Baby Goats!

Baby Goats!


We have goat kids! Thursday night found Steve and I playing midwives to a goat.  And thank goodness, the best word to describe the experience was ‘textbook.’ The whole process was exactly what we’d read a best case scenario would look like. Even better: I wasn’t on my own! This kidding happened in the evening after Steve was home from work. I’d been imagining for weeks that she’d go into labor on a freezing afternoon when Steve wasn’t due home until late at night.  Assisting a goat delivery while trying to keep track of my own three kids was not something I was looking forward to at ALL.  

We didn’t even have to worry about knowing when it would be her time – it was pretty obvious when I went out around 11 pm to set up the monitor.  (Aside: we discovered the monitor was pretty much useless, as Pepper was almost silent through the whole thing. There is no way her quiet bleats would have woken us up if it was the middle of the night.)  I noticed Pepper’s mucous plug had fallen out, which is a sure sign that a goat will deliver within about 8 to 12 hours.  So we brought out some towels and the other things we’d need for the process and got Pepper into the kidding pen. Things moved along quickly for about 30 minutes and then after that there were no visible changes for over an hour.

About 1:10 am, we decided it would be better for one of us to get some sleep and come back out when it was time. After all, we have our own (human) kids that would need our attention in the morning! I went inside to lay down for awhile while Steve stayed out to keep Pepper company. At 1:23, Steve called and asked me to come back out to the barn because she was starting to push. At 1:45, Pepper delivered her first kid.

Steve was thrilled to see that the kid was black. He really likes color variety, and we already have a brown goat and a white goat. I had to laugh at him – Steve is normally so entirely pragmatic and sensible that to see him excited over something a bit frivolous and fun like color is a little out of character. We were, however, both disappointed when Steve checked under the kid’s tail – we had a little buckling. Bucklings don’t produce milk, and unless you have a breeding program, they don’t contribute to anything other than feed bills. This boy is destined to be wethered (neutered) and go to a pet home.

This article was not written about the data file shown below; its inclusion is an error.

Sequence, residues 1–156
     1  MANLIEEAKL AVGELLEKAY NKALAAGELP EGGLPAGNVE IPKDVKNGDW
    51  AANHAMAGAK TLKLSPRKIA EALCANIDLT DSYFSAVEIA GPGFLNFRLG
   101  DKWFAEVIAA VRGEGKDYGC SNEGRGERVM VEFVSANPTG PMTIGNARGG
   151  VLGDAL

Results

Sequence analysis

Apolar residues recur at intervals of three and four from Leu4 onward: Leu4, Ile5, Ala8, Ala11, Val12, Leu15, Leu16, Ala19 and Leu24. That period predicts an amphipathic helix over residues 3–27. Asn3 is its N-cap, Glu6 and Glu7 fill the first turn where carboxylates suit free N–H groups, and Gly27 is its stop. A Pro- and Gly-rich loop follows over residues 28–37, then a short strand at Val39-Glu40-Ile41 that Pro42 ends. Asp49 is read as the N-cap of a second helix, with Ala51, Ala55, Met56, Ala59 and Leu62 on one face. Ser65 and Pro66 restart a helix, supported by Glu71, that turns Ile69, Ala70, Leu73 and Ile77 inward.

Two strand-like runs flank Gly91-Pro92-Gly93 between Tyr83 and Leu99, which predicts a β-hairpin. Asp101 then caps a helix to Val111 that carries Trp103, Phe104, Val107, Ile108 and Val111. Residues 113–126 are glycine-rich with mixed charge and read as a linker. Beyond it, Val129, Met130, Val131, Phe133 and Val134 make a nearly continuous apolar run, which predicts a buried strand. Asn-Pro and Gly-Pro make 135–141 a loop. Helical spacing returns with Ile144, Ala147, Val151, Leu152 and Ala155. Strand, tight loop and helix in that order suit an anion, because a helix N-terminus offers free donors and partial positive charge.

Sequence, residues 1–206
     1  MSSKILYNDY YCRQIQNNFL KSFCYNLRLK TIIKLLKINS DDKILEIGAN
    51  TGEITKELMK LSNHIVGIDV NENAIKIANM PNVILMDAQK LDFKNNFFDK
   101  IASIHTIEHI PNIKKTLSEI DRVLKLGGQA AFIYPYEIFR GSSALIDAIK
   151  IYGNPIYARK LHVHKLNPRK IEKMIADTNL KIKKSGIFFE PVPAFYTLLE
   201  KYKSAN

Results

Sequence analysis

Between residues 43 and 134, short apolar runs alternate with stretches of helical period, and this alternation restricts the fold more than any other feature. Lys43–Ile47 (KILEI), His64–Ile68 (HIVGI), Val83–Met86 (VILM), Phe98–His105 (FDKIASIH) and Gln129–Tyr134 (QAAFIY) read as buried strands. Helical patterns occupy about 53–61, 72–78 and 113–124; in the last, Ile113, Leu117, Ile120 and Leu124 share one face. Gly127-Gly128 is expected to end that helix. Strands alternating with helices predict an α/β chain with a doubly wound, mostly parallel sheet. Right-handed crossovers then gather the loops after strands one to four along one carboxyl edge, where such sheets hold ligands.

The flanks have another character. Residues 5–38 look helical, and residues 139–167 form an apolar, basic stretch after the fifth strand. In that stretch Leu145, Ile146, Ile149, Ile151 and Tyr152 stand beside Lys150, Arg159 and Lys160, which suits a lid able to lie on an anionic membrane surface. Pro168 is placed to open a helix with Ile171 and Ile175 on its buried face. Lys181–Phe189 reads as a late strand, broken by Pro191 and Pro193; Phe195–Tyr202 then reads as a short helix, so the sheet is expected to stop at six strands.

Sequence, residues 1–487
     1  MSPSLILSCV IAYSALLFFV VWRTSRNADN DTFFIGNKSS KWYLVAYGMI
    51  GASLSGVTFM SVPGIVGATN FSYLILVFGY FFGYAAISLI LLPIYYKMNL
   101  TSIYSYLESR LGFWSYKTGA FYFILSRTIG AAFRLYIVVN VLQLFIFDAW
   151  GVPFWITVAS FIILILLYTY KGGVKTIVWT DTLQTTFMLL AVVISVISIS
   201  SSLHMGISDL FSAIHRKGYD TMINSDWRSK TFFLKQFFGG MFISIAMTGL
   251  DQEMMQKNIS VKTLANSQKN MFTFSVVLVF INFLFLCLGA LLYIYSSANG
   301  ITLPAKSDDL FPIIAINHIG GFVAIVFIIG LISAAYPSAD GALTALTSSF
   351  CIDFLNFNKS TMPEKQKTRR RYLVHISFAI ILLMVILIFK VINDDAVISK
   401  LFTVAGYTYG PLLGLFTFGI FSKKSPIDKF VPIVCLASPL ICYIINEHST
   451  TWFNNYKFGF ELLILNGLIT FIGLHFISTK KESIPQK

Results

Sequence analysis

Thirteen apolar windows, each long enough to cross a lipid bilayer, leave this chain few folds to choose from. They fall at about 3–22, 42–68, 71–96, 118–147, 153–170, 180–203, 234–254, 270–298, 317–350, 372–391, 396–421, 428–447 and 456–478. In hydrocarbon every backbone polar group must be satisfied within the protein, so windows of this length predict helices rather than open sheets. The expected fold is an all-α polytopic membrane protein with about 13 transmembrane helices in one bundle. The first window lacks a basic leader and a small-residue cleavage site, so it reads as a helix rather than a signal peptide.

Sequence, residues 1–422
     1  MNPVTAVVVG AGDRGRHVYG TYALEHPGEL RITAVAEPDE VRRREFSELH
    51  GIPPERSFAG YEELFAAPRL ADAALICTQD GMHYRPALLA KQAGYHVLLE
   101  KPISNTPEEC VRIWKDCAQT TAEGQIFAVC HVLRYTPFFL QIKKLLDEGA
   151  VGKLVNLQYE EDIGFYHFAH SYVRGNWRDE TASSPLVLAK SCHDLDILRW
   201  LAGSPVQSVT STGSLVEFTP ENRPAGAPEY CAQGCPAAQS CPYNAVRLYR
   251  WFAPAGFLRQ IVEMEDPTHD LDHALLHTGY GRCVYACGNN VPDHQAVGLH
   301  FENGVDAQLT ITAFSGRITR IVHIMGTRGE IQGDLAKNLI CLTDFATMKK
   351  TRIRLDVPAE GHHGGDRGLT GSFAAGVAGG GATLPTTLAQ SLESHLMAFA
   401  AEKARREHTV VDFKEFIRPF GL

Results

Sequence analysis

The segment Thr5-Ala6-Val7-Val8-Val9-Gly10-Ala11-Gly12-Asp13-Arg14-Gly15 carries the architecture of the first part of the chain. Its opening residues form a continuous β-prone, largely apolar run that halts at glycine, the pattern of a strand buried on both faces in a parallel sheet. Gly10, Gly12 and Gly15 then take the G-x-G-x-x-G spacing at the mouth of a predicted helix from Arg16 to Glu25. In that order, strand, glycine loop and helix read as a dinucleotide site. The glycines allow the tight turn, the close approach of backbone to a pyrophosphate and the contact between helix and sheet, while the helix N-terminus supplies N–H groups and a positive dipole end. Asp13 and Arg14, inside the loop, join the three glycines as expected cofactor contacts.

The kid was so big that we assumed he was a singleton. He was also strong, and was trying to stand up even as we were first getting him cleaned off. Pepper was extremely attentive and licked him eagerly. We were about to help the kid find where to nurse when Pepper started pushing again.

This kid was also black – yay! This kid was also a buck – boo.  So now it’s up to Flora to produce a little doeling so we can bring our herd of dairy goats up to three. 

Even though these little guys are both black, their markings are distinctively different. One has a badger face like their mother while the other has a star on its forehead. Steve refers them as ‘Badger Face’ and ‘The One With The Star.’  This is probably the closest we get to names for these guys, because once we name things we get attached. 

The younger kid, the one with the star, seemed as though he were a little weak as he was not as sure footed as his brother nor was he as quick to nurse. It really wasn’t anything super concerning, but y’know, we do like to worry. But by mid-morning Friday he appeared to have caught right up. Steve noticed that his legs were a bit bowed, which could have been caused by his positioning in utero. It’s somewhat normal and should work itself out as he grows over the next few days and weeks.

They’re so darn cute that I just want to want to pick them up and play with them, but they’re really too young for that yet. For now, we’ll just stand back and admire. And next week – we milk!

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